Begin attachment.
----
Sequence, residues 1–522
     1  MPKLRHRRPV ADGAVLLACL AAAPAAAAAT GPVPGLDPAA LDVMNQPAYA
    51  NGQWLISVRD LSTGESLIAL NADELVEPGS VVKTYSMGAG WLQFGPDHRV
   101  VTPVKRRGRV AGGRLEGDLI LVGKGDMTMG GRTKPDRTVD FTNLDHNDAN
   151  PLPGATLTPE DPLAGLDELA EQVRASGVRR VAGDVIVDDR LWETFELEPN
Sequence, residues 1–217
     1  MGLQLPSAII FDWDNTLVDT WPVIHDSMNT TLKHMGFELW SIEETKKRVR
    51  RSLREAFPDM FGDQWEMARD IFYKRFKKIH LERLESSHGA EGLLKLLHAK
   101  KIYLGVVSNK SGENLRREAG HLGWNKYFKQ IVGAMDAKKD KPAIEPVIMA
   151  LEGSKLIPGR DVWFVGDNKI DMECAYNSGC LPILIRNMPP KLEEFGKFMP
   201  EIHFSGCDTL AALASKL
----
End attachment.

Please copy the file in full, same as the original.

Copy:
Sequence, residues 1–522
     1  MPKLRHRRPV ADGAVLLACL AAAPAAAAAT GPVPGLDPAA LDVMNQPAYA
    51  NGQWLISVRD LSTGESLIAL NADELVEPGS VVKTYSMGAG WLQFGPDHRV
   101  VTPVKRRGRV AGGRLEGDLI LVGKGDMTMG GRTKPDRTVD FTNLDHNDAN
   151  PLPGATLTPE DPLAGLDELA EQVRASGVRR VAGDVIVDDR LWETFELEPN
Sequence, residues 1–217
     1  MGLQLPSAII FDWDNTLVDT WPVIHDSMNT TLKHMGFELW SIEETKKRVR
    51  RSLREAFPDM FGDQWEMARD IFYKRFKKIH LERLESSHGA EGLLKLLHAK
   101  KIYLGVVSNK SGENLRREAG HLGWNKYFKQ IVGAMDAKKD KPAIEPVIMA
   151  LEGSKLIPGR DVWFVGDNKI DMECAYNSGC LPILIRNMPP KLEEFGKFMP
   201  EIHFSGCDTL AALASKL